On election day, protests broke out in the regional center of the Brest region, as in many other cities. The procession of locals marched through the main streets with slogans and stopped at the City Executive Committee, where they were met by the riot police. And although there were no mass arrests in the city, the next morning the Investigative Committee opened a criminal case on the facts of the riots. Now there are 14 suspects in the case, who are awaiting the courts.

What happened in Pinsk?

After the elections on August 9, about 100 people gathered in the park behind the monument to the “Partisans of Polesie”. At first, they just stood around discussing the news. The Internet was already off, and as soon as the election results and the national exit polls came out, they switched to them. The crowd hooted, “How 80 percent?!” – and decided to go to the city executive committee to find out how the city voted. The column was accompanied by several police officers and patrol cars. On the way to the city executive committee on Pervomayskaya street, several people were detained, but the demonstrators continued on their way. They marched peacefully, someone tried to provoke them, but they were immediately contained.

As a result, a column of about 500 residents of the city gathered on Lenin Street. Residents of Pinsk moved through the city shouting, “For Freedom! We Believe! We can! We will win! Changes!”, then stopped near the city executive committee. Here the road was blocked by a cordon of security forces. By that time, the column had grown to 1000 people, who called on the security officials to go over to the side of the people.

Dzmitry Korovyakovsky, the head of the police department, approached the protesters and offered to choose five people who would go to talk to the authorities. Five Pinsk residents were led behind the police shields and told to wait at the entrance to the city executive committee, but only one was allowed inside. After some time, he came out and said that what he saw did not convince him that the elections were fair.[1]

All entertainment venues and cafes in the center were closed. People were in no hurry to disperse and demanded the mayor. But by one o’clock in the morning, the ranks of the demonstrators had thinned out. The rest gathered to go to Lenin Square and at that moment the riot police ran at the people from the neighboring street. The protesters tried to negotiate with them, but the security forces deceived and surrounded them. In response, stones, sticks, boards from benches standing on Lenin Street, paving slabs flew at them. The police officers retreated to the embankment, and according to some sources, they fled to the city executive committee.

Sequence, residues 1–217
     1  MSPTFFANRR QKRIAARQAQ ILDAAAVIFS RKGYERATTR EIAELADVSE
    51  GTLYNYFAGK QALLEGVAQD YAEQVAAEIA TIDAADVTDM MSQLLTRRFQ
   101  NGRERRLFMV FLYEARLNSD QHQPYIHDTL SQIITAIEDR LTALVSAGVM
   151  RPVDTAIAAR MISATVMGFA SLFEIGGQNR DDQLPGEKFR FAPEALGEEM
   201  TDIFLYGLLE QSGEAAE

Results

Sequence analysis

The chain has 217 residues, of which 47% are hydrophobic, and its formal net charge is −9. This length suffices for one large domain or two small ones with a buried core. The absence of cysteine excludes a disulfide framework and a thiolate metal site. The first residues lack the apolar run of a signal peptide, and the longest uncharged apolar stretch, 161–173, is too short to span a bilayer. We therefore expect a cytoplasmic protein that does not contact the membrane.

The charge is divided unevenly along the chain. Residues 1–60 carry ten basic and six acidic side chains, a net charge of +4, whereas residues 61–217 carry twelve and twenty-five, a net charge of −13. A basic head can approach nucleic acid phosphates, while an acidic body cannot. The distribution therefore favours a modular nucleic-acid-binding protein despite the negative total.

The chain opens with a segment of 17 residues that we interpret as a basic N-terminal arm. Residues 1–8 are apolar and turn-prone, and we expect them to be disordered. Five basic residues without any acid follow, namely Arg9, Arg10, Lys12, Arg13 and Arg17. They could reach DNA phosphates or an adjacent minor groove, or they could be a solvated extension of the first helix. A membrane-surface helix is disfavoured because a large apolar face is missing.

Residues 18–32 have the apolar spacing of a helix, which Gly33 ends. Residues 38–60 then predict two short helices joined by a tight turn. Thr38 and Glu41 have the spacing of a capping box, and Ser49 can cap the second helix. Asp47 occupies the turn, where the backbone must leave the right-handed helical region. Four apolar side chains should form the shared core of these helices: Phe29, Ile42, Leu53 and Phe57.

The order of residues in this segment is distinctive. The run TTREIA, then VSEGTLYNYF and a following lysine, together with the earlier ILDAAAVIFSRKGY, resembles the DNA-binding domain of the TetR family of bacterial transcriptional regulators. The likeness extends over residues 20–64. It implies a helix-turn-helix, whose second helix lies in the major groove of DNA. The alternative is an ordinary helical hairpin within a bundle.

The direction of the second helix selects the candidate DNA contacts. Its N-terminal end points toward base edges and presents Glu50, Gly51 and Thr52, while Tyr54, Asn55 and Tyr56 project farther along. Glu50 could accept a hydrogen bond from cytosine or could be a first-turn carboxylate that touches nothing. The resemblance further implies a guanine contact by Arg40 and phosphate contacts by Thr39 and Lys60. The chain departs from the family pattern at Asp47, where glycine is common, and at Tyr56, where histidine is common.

At two o’clock in the morning, about five hundred young people left the territory near the city executive committee and went to Pervomayskaya street. About 70 people were detained here. At the intersection with Central Street, the remaining demonstrators began to disperse.

The riots in the city continued the next day: a police cordon was set up near the city hall, the center was cordoned off and surrounded by traffic police cars, and the officers checked the documents of the drivers passing by. After six o’clock in the evening on August 10, they began to detain almost everyone who somehow ended up in the center. And after 10 pm, mass arrests of young people who walked along the pedestrian street began.[2]

The version of the investigation

According to official information from the Ministry of Internal Affairs, “a group of aggressively minded citizens, using pointed stakes, rods, stones and fittings, tried to organize an attack on police officers.”[3]

As a result, 7 police officers received less serious bodily injuries, 6 – light bodily injuries resulting in a short-term health disorder, 42 – light bodily injuries that did not entail a short-term health disorder, 54 – beatings.[4] The damage from the riots was estimated at 24 thousand rubles.[5]

According to representatives of the Pinsk police, on August 9, information was received on the radio that a crowd of about 500 people from Lenin Square was going to the building of the Pinsk City Executive Committee. The security forces immediately moved towards the city administration and set up a roadblock. A line of police officers with shields, helmets and rubber truncheons lined up to prevent radicals from entering the City Executive Committee and interfere with the elections.

Dzmitry Korovyakovsky, the head of the police department, later said: “When people go for three days with clubs, stones, take to the streets every evening and day and in these hooting crowds go around and smash up the city – well, I guess that’s when the use of force is allowed. This is called harsh detention. We detained the leaders, on whom the intelligence led us, harshly. Because we knew what these people were capable of. Those who tried to beat them off received, of course, soft tissues with a rubber truncheon. It is impossible without this. It is quite elastic, soft and, when applied over the body, does not cause serious injuries. These are bruises, contusions, but nothing more.”

The criminal case against 10 accused was sent to court on February 4. The trials in the case will be held from March 23 to 25, from March 29 to April 2, and from April 5 to April 9.

Who is blamed for the riots?

Stanislav Mikhailov

Stanislav Mikhailov was detained on August 9 when he went to drink coffee in a cafe. He managed to place an order and the security forces burst into the establishment. Then Stanislav was detained with another visitor. The man’s lawyer said she saw signs of beatings on him. Like other defendants, Stanislav was charged under part 2 of Article 293 of the Criminal Code (participation in mass riots), he is being held in a pre-trial detention center.

Grigory Gunko was detained on the night of August 10. He was charged under part 2 of article 293 of the Criminal Code (participation in riots). On December 24, he was recognized as a political prisoner. And on 5 March, Baroness Angela Smith of the British House of Lords took him up her patronage.[6]